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Candy and the very real problems of 3D printer crowdfunding


Every day we receive a bunch of solicitations to support crowdfunding projects from various places, and while we absolutely love the whole idea of public/fan sponsored products, there are areas where things need to settle down a little and get real. One such example is 3D printers, a hot new segment where idealistic dreams are often clouding better judgment and financial realities.

I have to admit being prompted to do this article by this excellent post on 3D printers called Low Cost 3D Printers And Crowdfunding Suicide, which really goes into intricate detail on the financials of some of these new 3D printer projects on Kickstarter, Indiegogo and beyond.


The bottom line is most of these low cost 3D printer projects (i.e. c $500) are probably going to fail before they get going because a) they need to generate so much more money from the crowdfunding or b) sell so many thousand printers to break even, that they’re doomed before they begin. It’s really kind of sad for the project leads, who typically haven’t thought enough about the issues involved in getting their vision off the ground.


Which leads me to a 3D printer project press release which arrived here the other day and appears to fit the whole sad scenario to a T. The Candy printer is the ‘first confectionary focused food 3d printer‘. The product is priced at £299 ($499), and is looking for £60,000 of funding. The team has developed a ‘pre-production prototype’, and is looking for funding to ramp up production. I’ll let the above article spell it out in brutal terms;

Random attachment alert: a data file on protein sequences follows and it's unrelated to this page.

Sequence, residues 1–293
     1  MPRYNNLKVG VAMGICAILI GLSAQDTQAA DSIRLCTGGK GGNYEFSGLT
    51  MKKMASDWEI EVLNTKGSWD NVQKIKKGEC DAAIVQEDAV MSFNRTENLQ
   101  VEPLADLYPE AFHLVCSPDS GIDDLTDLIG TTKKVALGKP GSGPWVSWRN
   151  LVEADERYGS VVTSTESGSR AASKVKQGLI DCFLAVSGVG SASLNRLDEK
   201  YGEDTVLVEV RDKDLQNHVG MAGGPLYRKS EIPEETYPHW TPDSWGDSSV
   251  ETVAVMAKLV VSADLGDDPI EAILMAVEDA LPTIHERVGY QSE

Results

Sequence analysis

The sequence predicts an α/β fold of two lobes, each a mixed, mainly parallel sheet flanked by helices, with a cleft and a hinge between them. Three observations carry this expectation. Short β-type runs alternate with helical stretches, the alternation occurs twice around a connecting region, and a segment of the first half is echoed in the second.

‘The company that sells a $299 printer and raises only $250k will have exactly $9,398 to pay 4 people for 6 months and covers marketing, legal, taxes, electricity, tech support… That company has a very short future. And again, this is assuming a perfectly smooth operation with a fully-developed printer and no delays or issues.’


Luckily the Candy project seems to be stalled at a 10th of the required budget and likely won’t be funded, which the team will no doubt look back on with delight in years to come, since the road ahead as it stands probably means ruin for their vision if they continue on the current trajectory.

So here’s the brutal reality for any other would-be 3D printer companies (or those who may wish to fund their ideas). The very lowest bottom line for these projects to succeed is several thousand printers manufactured at a significantly higher retail price than $500, and with upwards of $250,000 in crowd funds generated to start off with. Read the article and the figures speak for themselves.

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